The following is an excerpt straight from my journal as Shaaades and I, two run weary North Bounders, trudge through the final Hundred Mile section of the Appalachian Trail before the northern terminus: Mount Katahdin. Follow our hilarious and emotional 6-day trek as we come to grips that our six month journey is finally coming to a close.
Day 7 September 11th, 8:45am
Started today at 5:30am! I AM FEELING AMPED AND ALIVE.
I woke up with “Into the West” still stuck in my head because Shaaades had been playing almost nonstop the day before. I told him this before I left, and he responded slowly from inside his tent, “Oh really, that’s so strange…especially since…it’s…PLAYING RIGHT NOW!” and I shrugged as it blared through his little red speaker yet again.
It’s becoming the theme of our final days in the woods.
But great news! I’m sitting looking at Katahdin again, and AND AND!!! Two huge things!
- THIS: LOOK AT THIS SIGN. KATAHDIN IS ON THE SIGNS NOW BECAUSE WE’RE WITHIN HIKING DISTANCE. 21.2 miles, oh my god.
- MY DAD IS OUT HERE SOMEWHERE AT THE NEXT CAMPGROUND HOPEFULLY AND I’M HIKING TO GO SEE HIM!
So, this Lil hiker is off to go find her Padre and get the fuck out of the Hundred Mile Wilderness.
8:25pm – Katahdin Streams Campground
OH MY GOD WHERE TO EVEN BEGIN!
#1 Most Important Thing:
WE SURVIVED THE HUNDRED MILE WILDERNESS.
Ah my god it’s amazing to be out. I mean, wonderfully beautiful place. We actually were having an awesome time towards the end there because the weather had gotten better and we got extra food. I still feel relieved to put this part of the journey behind me.
We were not alone in our suffering. There are countless stories of other hikers struggling through this part of the woods.
- Boundary wrote in a log book, “If there weren’t 48 miles until Katahdin I would quit.” I totally understand.
- Primo wrote about not having enough food either. He started rationing his food and felt hungry all the time. I feel your pain, baby.
- 12pack, Coach and their buddy from home hiked 25 miles and nearly passed out on the trail. Then the lost track of each other, their buddy pulled something important in his foot and couldn’t walk without being in pain, they barely had enough food as well. Again, I completely get it.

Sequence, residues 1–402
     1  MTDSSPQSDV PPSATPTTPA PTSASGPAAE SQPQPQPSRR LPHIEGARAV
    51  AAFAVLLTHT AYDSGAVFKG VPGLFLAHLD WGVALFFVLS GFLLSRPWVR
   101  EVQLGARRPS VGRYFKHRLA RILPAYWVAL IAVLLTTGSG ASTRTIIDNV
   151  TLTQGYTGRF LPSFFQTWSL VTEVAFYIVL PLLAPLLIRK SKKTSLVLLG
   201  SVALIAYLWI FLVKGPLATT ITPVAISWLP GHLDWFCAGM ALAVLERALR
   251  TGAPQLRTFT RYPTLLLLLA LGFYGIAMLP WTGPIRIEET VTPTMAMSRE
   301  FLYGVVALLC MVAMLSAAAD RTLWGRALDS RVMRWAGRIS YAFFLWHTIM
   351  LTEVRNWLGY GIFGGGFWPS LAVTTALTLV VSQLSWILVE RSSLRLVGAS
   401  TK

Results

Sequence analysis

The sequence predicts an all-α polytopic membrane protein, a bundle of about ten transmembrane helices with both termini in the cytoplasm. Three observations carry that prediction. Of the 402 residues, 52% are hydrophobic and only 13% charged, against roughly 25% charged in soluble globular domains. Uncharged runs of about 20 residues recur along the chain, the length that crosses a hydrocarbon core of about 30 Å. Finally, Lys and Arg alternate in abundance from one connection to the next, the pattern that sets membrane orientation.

- Garbage Can fell waist deep in a river 3 hours after he had finally dried out his shoes and clothes. My god I could cry for you, Garbage.
But we all made it we are all here AND WE ARE SO CLOSE TO KATAHDIN OH MY GOD LOOK AT THESE PHOTOS LOOK AT HOW CLOSE WE ARE
So we found my dad and Shaaades’ parents in the Hundred Mile and us merry 5 hiked out to Abol Bridge and that’s when this view opened up in the September sunshine. My heart grew and almost burst. I started jumping up and down and laughed out loud. There she was, right in front of us, the mother of all mountains.
That’s when it started to become very difficult to ignore the end. I started to feel like I was moving extremely fast towards a brick wall.
By 6pm we’re doing our last 2.5 miles of regular hiking before going up Katahdin tomorrow and the sun is shining through the trees. I’m trying really really hard to tell myself this is just like any other day, that we’re still somewhere in the middle of Massachusetts, that we’ve still got so much time, that an expiration date doesn’t – no, can’t – exist for this hike.
And Shaaades is of course, you guessed it, playing “Into the West” and we’re singing along arms stretched out in the sunshine like we’re going to live forever. I really felt amazing in these last 2.5. I felt strong, excited, happy. We were dancing through, literally. I felt young and amazing, like I was in the middle of a great wave. I felt the power of the hiking community, the weight of all those who had trodden this part of the trail before me.
And then we turned a corner and this simple sight knocked me off my feet: you could see Katahdin through the trees. It became wholly impossible to ignore the fact that we were walking impossibly fast towards the end.
I stopped and said, “Woah.” I felt my heart drop a little. This really was it.
But we danced on, listening to Big Wild and other bands. “That’s the thing, Lil Wayne, I got MOVES,” Shaaades said as he sidestepped along the trail. And let me just tell you this moment – I absolutely loved this shit. This is the type of moment I’m going to treasure forever. I wish someone had filmed it, it was so perfect and free.
Shaaades and I came out of the woods and rolled up to Katahdin Streams Campground dancing, side stepping, arms in the air, smiling, laughing, singing along to music, straight up grooving without a single care in the world.
There was a woman sitting on a rock smoking a cigarette and she laughed with us. We saw her later the next day and she said, “Oh hey it’s the dancing hikers!”
We were the king and queen of the campground. We were so alive. We were so ready for anything. I felt so carefree and…well, there’s just not a correct word to describe it all.
And now we’re in the campground. It’s funny how quickly 2.5 miles pass by when they’re your last.
Today we walked 20 miles and tomorrow we will walk 9.5, up and over the end of our journey.
And then…and then and then and then. Who knows! I’m slowly starting to lose words as the night falls and the bugs creep in. Sleep feels strange. Shaaades is awake and staring off and smoking a lot of cigarettes. My dad is passed out, he had a time and a half backpacking – I’ll write about that whole experience later, it’s pretty funny.
We are fed (because Dad brought SO MUCH FOOD!!!!! WOOOOH!) and we are waiting patiently for our worlds to be shattered.
And we must move inevitably forward, even if that means towards the end.
Time to cowboy camp, one last time.
I wish you could see the stars, oh my god.
Goodnight, goodbye, and as always